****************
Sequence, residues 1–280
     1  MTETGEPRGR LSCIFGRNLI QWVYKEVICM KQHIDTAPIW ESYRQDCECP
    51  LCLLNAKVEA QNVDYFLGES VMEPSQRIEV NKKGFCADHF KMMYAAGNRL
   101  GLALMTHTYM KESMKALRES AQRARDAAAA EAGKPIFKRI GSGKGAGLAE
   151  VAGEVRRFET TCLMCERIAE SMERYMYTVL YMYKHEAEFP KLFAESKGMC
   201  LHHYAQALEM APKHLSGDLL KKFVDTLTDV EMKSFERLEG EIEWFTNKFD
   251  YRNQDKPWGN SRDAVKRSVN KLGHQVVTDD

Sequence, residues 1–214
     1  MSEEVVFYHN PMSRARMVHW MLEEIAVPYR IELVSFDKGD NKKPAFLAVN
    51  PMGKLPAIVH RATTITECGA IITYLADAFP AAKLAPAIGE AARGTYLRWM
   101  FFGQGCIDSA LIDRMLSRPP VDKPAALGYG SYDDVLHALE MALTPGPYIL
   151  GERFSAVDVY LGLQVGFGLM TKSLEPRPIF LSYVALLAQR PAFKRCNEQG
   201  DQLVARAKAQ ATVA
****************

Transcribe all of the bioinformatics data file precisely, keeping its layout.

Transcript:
Sequence, residues 1–280
     1  MTETGEPRGR LSCIFGRNLI QWVYKEVICM KQHIDTAPIW ESYRQDCECP
    51  LCLLNAKVEA QNVDYFLGES VMEPSQRIEV NKKGFCADHF KMMYAAGNRL
   101  GLALMTHTYM KESMKALRES AQRARDAAAA EAGKPIFKRI GSGKGAGLAE
   151  VAGEVRRFET TCLMCERIAE SMERYMYTVL YMYKHEAEFP KLFAESKGMC
   201  LHHYAQALEM APKHLSGDLL KKFVDTLTDV EMKSFERLEG EIEWFTNKFD
   251  YRNQDKPWGN SRDAVKRSVN KLGHQVVTDD

Sequence, residues 1–214
     1  MSEEVVFYHN PMSRARMVHW MLEEIAVPYR IELVSFDKGD NKKPAFLAVN
    51  PMGKLPAIVH RATTITECGA IITYLADAFP AAKLAPAIGE AARGTYLRWM
   101  FFGQGCIDSA LIDRMLSRPP VDKPAALGYG SYDDVLHALE MALTPGPYIL
   151  GERFSAVDVY LGLQVGFGLM TKSLEPRPIF LSYVALLAQR PAFKRCNEQG
   201  DQLVARAKAQ ATVA